Little Short of Time


Gotta make this short.  I have a MRI scheduled for 8:45 this morning.  Actually, more accurately, Stacie has a MRI scheduled for me at 8:45.  I was having some trouble doing it all on my own.  I left Moab and drove to California to do it.  I have a few things to do out here all ready, so it wasn’t out of the way, really.

I am pretty sure what the MRI is going to say about my shoulder.  It has been hurting since I hit my head 5 months ago.  Little movement, etc.  It isn’t a bone.  I think I tore my rotator cuff, which isn’t new.

I added to that in Moab, but that is probably a good thing.  I wasn’t going to address it without it being like it is now, which is sort of unusable.

Trudi is back in Belgium after doing a week long stage race with the BMC Development Team. Now she has a day or two, then is heading to Spain for a stage race with the BMC Pro Team. Then back to Belgium/France for Paris-Roubaix, I think.  It took her a while to get used to the time switch this year, but seems all good now.

Okay, like I said, I have to scoot.  It took a lot of phone call and maneuvering to get this scheduled.  I somewhere lost my driver’s license.  I have no idea where.  Guess I’m going to take my little plastic passport card to prove who I am.  I have my insurance card, which is kind of all they really care about usually.

I usually just fall asleep in these things.



Lovin’ Riding More


I really like riding my bicycle.  I thought about this after I saw an article quoting Bradley Wiggins where he said, when asked if he missed cycling – No. As much as I love cycling, it’s come full circle and I hate the thing now. I haven’t been on the bike since the Six Days of Gent back in November.

I never was a big Bradley Wiggins fan and this just confirms my overall view of the guy.

I guess he looked at the sport as a job and not as a life choice.  I have thought of cycling as a job, a very few times, when I was suffering miserably and could only try to justify that by saying someone was paying to do it.  But, I can count those times on one hand.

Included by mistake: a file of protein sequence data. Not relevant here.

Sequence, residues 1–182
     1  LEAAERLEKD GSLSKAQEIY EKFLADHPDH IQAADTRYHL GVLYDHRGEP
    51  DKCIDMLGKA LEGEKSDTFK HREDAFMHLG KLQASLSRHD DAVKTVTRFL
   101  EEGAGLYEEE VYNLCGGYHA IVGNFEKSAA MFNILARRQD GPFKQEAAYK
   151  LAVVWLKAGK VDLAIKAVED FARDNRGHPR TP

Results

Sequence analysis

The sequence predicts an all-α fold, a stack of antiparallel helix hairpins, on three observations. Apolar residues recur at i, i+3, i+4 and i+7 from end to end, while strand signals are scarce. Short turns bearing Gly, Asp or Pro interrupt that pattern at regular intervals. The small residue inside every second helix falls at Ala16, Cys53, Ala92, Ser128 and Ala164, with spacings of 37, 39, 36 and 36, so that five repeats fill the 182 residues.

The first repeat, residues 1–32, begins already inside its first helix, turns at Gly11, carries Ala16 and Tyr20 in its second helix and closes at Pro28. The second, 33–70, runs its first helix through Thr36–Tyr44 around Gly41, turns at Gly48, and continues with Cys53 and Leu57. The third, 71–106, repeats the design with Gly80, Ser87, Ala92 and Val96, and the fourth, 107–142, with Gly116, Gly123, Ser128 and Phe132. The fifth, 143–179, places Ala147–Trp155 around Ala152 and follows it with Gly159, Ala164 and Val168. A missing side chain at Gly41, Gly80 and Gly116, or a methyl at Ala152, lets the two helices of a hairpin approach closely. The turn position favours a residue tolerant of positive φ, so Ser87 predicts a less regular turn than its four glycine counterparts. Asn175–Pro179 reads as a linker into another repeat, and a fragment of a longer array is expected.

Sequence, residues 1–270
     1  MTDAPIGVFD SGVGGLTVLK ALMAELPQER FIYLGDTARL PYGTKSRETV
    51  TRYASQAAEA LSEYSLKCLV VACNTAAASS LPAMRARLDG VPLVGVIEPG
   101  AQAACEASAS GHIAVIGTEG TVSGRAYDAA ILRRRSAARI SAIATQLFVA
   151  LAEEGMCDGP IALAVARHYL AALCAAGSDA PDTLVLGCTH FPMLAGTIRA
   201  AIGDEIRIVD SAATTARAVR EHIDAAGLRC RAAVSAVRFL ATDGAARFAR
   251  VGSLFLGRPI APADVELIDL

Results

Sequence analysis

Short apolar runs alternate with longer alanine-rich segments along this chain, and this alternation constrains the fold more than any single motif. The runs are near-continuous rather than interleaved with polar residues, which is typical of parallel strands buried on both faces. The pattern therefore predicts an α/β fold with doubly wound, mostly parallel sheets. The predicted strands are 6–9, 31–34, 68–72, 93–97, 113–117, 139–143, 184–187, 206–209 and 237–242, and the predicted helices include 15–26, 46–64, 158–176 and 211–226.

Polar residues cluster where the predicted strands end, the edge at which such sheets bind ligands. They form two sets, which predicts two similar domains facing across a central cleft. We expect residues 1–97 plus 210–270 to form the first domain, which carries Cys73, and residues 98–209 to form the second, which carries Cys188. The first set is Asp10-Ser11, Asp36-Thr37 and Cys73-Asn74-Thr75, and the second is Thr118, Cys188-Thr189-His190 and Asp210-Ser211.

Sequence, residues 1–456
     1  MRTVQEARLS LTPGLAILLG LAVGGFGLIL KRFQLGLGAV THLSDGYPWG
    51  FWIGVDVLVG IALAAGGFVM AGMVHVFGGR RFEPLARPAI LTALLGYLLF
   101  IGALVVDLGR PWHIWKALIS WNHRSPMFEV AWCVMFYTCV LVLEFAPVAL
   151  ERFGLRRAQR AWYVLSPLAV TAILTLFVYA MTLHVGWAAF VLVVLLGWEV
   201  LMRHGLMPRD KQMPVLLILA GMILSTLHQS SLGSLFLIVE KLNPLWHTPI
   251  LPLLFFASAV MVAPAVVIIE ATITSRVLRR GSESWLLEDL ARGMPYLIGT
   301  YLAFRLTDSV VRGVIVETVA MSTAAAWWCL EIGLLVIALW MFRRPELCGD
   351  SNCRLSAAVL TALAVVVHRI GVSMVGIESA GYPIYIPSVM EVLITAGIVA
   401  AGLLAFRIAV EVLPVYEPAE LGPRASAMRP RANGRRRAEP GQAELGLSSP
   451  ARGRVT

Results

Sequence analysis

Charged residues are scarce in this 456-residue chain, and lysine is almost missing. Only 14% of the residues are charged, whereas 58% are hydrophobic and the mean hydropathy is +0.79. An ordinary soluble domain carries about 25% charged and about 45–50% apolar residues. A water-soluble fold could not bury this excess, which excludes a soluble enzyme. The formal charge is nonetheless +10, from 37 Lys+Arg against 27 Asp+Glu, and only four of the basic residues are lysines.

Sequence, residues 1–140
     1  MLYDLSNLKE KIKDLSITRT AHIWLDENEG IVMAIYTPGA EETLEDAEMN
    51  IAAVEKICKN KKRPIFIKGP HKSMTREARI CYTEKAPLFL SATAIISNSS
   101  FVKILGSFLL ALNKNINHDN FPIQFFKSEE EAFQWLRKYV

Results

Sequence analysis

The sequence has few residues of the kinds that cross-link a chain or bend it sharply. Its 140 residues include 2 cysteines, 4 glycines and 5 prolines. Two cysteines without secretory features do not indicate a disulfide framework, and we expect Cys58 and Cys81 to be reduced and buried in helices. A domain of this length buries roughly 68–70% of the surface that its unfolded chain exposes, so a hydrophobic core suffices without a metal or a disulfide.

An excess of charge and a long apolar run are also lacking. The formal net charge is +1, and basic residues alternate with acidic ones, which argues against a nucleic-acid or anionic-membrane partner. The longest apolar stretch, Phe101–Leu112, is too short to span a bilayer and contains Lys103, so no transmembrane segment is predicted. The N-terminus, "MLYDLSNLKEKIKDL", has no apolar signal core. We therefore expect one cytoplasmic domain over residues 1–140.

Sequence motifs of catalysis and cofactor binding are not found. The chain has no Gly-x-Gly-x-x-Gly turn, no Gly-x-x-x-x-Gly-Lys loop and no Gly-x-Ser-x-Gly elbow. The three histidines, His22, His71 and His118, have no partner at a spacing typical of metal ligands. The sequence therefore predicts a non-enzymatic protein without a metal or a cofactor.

Since I had a TBI last October, cycling has been the biggest part of “the cure”.  I was sleeping less than an hour a night until I started riding indoors after a month. Instantly I started sleeping over 4 hours, which was a game changer.

Since then, always the best I feel is when I’m riding.  I have no idea the reason why, but it somehow makes my body sync better to the current situation.

Plus, I just like riding my bike.  I like riding it with friends, meeting other riders,  or just alone, checking out the surroundings.  There is no better speed to absorb your surrounding than on a bicycle.  Walking is too slow and driving is way too fast normally.

I’m a little tweaked right now.  I’m trying to address the minor stuff that is left over from October.  My shoulders were screwed up from October, but I hurt my left one a bit more in Moab.  Maybe more than a little more, but I’ll find that out soon.

So I’m just sort of riding around, enjoying the scenery.  That is fine.  I’m not really on a agenda.  I’d like to be, but I don’t think I am in control of that currently.  It is a slow process, but at least I can still reap the rewards from the freedom that cycling gives.

Guess I’m gonna pass 3000 miles today for the year.